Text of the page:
Figure 6.

(left) Average relative returned laser power for the data in Figure 5, where the dashed line approximates the returned power to be expected from molecular backscattering. (right) Linear depolarization profile based on subtracting the estimated molecular component from the total signal.

5. Discussion and Conclusions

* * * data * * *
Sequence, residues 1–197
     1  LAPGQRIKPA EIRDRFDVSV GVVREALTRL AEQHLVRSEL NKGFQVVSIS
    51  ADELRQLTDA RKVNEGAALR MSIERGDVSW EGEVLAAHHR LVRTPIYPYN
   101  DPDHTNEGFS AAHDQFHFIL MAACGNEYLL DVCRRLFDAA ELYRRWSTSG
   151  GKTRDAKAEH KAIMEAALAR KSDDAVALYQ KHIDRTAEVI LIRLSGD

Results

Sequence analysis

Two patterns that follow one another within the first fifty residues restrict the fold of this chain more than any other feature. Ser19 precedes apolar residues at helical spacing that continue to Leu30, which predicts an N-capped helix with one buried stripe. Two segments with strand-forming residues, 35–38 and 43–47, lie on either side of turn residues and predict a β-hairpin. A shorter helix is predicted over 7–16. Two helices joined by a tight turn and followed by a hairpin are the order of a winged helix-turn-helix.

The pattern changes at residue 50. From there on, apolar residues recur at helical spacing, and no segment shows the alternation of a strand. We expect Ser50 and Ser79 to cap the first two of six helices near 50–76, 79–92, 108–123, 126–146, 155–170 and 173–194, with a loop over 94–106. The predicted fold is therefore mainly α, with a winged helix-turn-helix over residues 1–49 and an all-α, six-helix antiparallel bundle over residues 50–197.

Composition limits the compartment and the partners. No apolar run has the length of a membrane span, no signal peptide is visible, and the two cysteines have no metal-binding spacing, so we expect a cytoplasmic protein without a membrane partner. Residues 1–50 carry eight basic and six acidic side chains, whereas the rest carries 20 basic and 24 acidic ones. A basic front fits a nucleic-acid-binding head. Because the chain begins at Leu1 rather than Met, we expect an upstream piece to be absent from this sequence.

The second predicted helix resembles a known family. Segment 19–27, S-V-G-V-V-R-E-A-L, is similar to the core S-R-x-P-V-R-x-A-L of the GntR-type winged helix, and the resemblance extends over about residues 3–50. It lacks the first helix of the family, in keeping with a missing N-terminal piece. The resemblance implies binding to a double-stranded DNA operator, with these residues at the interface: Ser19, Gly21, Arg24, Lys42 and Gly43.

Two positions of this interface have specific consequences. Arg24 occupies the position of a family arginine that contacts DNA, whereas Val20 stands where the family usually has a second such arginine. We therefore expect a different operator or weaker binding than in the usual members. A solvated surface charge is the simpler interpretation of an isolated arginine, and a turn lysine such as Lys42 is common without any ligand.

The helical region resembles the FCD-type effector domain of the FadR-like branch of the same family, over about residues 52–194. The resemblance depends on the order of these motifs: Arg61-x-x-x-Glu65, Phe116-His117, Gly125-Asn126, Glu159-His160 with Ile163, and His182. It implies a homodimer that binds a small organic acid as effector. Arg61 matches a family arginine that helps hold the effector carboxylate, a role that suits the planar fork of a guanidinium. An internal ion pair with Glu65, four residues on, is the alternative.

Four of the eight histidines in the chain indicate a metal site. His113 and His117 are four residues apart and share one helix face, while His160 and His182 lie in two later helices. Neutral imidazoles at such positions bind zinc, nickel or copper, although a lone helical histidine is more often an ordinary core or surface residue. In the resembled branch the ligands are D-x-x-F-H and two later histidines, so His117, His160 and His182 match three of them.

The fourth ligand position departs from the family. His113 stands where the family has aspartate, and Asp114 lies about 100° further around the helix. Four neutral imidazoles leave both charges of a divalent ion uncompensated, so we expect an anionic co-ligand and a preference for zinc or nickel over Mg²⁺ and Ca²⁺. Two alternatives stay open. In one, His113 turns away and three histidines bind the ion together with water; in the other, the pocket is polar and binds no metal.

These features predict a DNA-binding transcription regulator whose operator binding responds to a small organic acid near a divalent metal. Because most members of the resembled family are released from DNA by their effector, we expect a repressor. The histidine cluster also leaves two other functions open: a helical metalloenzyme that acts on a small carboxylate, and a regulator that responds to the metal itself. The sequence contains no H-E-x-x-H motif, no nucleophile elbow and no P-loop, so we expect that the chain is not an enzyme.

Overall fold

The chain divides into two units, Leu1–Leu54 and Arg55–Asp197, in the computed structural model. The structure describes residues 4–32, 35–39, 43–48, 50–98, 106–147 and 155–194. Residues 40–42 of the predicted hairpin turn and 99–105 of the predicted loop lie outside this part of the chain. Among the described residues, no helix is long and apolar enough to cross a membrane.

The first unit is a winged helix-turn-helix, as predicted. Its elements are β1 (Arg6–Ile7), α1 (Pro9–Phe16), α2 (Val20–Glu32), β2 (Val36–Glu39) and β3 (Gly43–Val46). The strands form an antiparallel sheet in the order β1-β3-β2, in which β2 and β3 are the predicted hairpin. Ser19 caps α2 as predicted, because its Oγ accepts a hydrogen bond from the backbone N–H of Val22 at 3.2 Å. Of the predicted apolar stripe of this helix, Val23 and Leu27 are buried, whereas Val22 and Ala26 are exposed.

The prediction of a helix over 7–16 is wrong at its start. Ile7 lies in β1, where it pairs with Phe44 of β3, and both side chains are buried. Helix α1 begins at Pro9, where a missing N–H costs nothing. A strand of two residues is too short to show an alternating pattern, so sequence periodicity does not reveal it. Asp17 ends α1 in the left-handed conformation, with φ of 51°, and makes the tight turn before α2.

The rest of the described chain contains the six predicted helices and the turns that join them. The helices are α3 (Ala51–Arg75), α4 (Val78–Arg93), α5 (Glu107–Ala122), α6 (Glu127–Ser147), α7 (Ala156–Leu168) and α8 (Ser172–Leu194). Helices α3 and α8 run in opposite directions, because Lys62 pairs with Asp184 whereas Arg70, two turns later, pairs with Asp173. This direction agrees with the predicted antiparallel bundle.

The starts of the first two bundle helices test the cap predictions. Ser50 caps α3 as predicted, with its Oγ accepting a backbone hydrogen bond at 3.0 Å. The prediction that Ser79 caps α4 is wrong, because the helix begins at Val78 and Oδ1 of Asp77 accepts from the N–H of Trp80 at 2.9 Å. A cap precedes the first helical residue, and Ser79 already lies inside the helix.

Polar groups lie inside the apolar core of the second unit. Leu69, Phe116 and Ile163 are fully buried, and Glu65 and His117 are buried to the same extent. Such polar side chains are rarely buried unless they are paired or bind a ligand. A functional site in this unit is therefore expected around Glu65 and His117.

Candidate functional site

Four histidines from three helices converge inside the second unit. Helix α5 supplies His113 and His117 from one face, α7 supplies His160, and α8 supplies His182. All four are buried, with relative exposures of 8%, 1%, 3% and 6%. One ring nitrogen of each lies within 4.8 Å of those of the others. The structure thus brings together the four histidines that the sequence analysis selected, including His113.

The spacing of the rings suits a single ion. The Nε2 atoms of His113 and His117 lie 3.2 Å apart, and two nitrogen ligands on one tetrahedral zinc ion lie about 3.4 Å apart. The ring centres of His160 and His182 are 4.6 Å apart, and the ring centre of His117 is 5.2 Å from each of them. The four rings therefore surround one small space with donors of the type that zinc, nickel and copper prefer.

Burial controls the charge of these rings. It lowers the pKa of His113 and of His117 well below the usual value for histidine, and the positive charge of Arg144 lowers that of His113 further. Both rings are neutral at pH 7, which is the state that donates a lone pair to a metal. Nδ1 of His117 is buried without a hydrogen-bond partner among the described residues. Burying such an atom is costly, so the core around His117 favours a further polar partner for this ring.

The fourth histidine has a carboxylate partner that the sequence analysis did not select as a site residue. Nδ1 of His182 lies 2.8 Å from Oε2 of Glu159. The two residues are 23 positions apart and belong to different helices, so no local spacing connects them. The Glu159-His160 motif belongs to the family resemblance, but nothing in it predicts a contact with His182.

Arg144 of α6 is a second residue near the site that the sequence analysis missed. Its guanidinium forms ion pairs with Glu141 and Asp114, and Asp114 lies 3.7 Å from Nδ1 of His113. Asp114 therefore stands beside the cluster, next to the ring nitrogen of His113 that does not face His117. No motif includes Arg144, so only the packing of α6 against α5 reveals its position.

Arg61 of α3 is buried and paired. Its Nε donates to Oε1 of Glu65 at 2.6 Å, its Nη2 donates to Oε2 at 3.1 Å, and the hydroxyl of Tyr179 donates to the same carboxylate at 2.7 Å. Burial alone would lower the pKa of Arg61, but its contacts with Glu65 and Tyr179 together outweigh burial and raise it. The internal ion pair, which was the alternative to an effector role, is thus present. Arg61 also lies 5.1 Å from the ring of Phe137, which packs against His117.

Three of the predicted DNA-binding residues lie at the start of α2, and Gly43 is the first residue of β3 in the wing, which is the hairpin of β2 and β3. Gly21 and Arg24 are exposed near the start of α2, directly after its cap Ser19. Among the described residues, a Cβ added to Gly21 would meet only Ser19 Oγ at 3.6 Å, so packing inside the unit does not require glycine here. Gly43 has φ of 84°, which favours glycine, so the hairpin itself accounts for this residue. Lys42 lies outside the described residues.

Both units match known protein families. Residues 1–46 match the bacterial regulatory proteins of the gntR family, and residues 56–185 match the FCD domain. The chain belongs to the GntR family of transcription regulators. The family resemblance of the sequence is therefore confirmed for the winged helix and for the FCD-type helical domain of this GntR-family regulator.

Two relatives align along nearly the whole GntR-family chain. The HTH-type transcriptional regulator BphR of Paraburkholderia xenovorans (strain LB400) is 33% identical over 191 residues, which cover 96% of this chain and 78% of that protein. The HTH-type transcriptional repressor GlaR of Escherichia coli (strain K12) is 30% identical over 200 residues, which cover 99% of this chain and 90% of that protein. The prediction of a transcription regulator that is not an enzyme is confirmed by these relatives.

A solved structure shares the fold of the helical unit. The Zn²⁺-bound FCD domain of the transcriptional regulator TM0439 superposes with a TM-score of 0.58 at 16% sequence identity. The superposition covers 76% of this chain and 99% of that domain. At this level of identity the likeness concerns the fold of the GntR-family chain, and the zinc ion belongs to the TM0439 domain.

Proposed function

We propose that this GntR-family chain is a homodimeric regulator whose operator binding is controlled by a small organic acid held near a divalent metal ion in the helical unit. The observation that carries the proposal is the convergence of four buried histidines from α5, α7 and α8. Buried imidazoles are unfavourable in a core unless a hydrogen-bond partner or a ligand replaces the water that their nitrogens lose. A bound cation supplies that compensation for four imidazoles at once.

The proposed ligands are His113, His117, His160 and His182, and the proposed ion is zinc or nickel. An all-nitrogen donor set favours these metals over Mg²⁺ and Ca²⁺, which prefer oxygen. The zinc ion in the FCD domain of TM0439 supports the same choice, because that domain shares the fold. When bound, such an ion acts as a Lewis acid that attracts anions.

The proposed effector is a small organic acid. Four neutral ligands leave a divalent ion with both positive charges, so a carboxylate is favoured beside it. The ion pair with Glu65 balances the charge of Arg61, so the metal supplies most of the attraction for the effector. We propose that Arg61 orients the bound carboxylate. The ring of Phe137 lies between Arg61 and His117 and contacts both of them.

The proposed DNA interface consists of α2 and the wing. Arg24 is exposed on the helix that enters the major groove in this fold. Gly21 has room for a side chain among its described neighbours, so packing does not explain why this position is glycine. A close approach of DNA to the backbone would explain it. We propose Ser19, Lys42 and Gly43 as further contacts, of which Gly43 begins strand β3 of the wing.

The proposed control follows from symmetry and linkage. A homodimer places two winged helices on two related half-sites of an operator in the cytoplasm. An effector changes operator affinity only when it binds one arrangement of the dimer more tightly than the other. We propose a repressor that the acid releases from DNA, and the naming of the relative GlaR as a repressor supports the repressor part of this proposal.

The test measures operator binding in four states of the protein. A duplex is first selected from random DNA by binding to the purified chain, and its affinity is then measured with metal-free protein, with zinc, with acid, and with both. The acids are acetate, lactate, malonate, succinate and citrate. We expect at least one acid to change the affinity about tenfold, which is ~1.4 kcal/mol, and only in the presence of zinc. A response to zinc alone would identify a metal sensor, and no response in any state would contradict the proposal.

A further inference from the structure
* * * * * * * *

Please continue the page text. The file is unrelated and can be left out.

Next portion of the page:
[12] Previous lidar studies of volcanic aerosols are almost entirely limited to stratospheric measurements following major explosive eruptions in the 1980s and the 1991 Mt. Pinatubo event. The main finding has been that sulfuric acid droplets created during the stratospheric injection of sulfur dioxide, being spherical, do not depolarize laser light. One polarization lidar study implied the presence of lower stratospheric ash particles generating δ of ∼0.10–0.15 during the 2–5 month period following the Mexican El Chichón volcanic eruption in 1982 [Hayashida et al., 1984]. Similarly, airborne polarization lidar studies of the Pinatubo volcanic plume found several stratospheric scattering layers, one of which produced δ > 0.1 similar to those measured here in an ash plume [Winker and Osborn, 1992]. However, to our knowledge, only Raman lidar studies of a 2002 Mt. Etna, Italy, event yielded data from a fresh tropospheric eruptive plume, and no depolarization data were obtained in that case [Pappalardo et al., 2004].